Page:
which can be expected to result in death or which has lasted
or can be expected to last for a continuous period of not
less than twelve months.” 42 U.S.C. §
423(d)(1)(A). Luanne is disabled if her impairments are of
such severity that she is not able to perform the work she
previously engaged in and, if based on her age, education,
and work experience, she cannot engage in any other kind of
substantial gainful work that exists in significant numbers
in the national economy. 42 U.S.C. § 423(d)(2)(A). The
Social Security Administration has implemented these
statutory standards by, in part, prescribing a five-step
sequential evaluation process for determining disability. 20
C.F.R. § 404.1520.
one asks if the claimant is currently engaged in substantial
gainful activity; if she is, then she is not disabled. Step
two asks whether the claimant's impairments, singly or in
combination, are severe; if they are not, then she is not
disabled. A severe impairment is one that
“significantly limits [a claimant's] physical or
mental ability to do basic work activities.” 20 C.F.R.
§ 404.1520(c). The third step is an analysis of whether
the claimant's impairments, either singly or in
combination, meet or equal the criteria of any of the
conditions in the Listing of Impairments, 20 C.F.R. Part 404,
Subpart P, Appendix 1. The Listing of Impairments includes
medical conditions defined by criteria that the SSA has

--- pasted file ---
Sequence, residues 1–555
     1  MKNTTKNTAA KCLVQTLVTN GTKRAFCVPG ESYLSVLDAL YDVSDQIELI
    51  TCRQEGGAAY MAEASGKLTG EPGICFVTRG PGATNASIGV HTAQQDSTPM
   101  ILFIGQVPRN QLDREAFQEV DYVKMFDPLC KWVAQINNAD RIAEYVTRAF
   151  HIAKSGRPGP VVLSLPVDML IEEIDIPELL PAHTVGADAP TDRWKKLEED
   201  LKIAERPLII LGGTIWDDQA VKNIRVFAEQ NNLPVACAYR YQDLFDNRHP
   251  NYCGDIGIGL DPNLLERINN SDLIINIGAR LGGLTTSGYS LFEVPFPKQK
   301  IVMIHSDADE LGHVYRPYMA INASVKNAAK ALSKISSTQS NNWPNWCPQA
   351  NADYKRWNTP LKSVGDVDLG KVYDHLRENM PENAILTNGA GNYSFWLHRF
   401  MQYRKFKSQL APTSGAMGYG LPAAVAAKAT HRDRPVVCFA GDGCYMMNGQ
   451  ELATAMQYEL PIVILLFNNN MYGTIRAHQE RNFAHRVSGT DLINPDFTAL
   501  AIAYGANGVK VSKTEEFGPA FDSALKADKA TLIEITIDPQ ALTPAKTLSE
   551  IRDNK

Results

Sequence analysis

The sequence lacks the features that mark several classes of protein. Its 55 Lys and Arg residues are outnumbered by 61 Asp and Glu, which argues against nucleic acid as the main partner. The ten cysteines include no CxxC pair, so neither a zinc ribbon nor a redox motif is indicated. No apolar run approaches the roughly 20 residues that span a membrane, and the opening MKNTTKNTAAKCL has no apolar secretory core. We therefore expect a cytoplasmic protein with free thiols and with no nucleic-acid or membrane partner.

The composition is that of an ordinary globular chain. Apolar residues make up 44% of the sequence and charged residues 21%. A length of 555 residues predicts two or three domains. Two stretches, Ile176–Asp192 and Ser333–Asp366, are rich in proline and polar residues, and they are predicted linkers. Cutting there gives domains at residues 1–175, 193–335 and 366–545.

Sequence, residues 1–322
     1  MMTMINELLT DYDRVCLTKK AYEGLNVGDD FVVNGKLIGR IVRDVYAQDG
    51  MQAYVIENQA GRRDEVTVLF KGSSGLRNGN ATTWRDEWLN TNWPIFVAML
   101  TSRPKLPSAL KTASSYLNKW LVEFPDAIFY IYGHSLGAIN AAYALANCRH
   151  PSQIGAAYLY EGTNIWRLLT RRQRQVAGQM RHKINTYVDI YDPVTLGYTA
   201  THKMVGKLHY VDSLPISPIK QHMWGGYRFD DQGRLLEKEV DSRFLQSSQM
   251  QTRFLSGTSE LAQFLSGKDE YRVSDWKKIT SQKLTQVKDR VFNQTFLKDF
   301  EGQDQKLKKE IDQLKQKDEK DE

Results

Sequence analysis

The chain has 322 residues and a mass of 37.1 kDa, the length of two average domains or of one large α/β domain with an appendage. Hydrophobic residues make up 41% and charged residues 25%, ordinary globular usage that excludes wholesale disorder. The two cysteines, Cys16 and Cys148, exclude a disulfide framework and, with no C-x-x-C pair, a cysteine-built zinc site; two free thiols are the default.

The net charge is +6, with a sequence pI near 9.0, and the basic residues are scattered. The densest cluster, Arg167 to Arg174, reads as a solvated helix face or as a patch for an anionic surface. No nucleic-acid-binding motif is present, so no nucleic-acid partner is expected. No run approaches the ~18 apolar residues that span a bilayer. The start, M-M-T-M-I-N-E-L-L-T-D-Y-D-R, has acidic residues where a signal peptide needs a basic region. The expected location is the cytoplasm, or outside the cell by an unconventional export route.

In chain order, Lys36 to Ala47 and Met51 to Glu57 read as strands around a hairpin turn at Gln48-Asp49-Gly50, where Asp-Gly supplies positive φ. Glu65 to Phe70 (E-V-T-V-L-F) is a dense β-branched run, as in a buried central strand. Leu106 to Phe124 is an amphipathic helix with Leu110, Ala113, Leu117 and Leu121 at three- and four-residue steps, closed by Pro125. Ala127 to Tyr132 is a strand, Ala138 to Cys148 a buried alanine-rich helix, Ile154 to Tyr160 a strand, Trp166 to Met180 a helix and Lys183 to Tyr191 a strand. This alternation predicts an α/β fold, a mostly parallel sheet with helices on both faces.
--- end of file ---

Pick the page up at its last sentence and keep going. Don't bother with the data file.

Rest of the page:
predetermined are disabling, so that if a claimant meets all
of the criteria for a listed impairment or presents medical
findings equal in severity to the criteria for a listed
impairment, then the claimant is presumptively disabled and
qualifies for benefits. 20 C.F.R. § 404.1520(a)(4)(iii).
claimant's impairments do not satisfy a listing, then her
residual functional capacity (RFC) is determined for purposes
of steps four and five. RFC is a claimant's ability to do
work on a regular and continuing basis despite her
impairment-related physical and mental limitations. 20 C.F.R.
§ 404.1545. At the fourth step, if the claimant has the
RFC to perform her past relevant work, then she is not
disabled. The fifth step asks whether there is work in the
relevant economy that the claimant can perform, based on her
vocational profile (age, work experience, and education) and
RFC; if so, then she is not disabled.
claimant bears the burden of proof at steps one through four.
Bowen v. Yuckert, 482 U.S. 137, 146 n.5 (1987). If
the claimant meets that burden, then the Commissioner has the
burden at step five to show that work exists in significant
numbers in the national economy that the claimant can
perform, given her vocational profile and functional
capacity. 20 C.F.R. § 404.1560(c)(2); Young v.
Barnhart, 362 F.3d 995, 1000 (7th Cir. 2004).
for Review of the ALJ's Decision
Judicial review of the Commissioner's (or ALJ's)
factual findings is deferential. A court must affirm if no
error of law occurred and if the findings are supported by
substantial evidence. Dixon v. Massanari, 270 F.3d
1171, 1176 (7thCir. 2001). Substantial evidence
means evidence that a reasonable person would accept as
adequate to support a conclusion. Id. The standard
demands more than a scintilla of evidentiary ...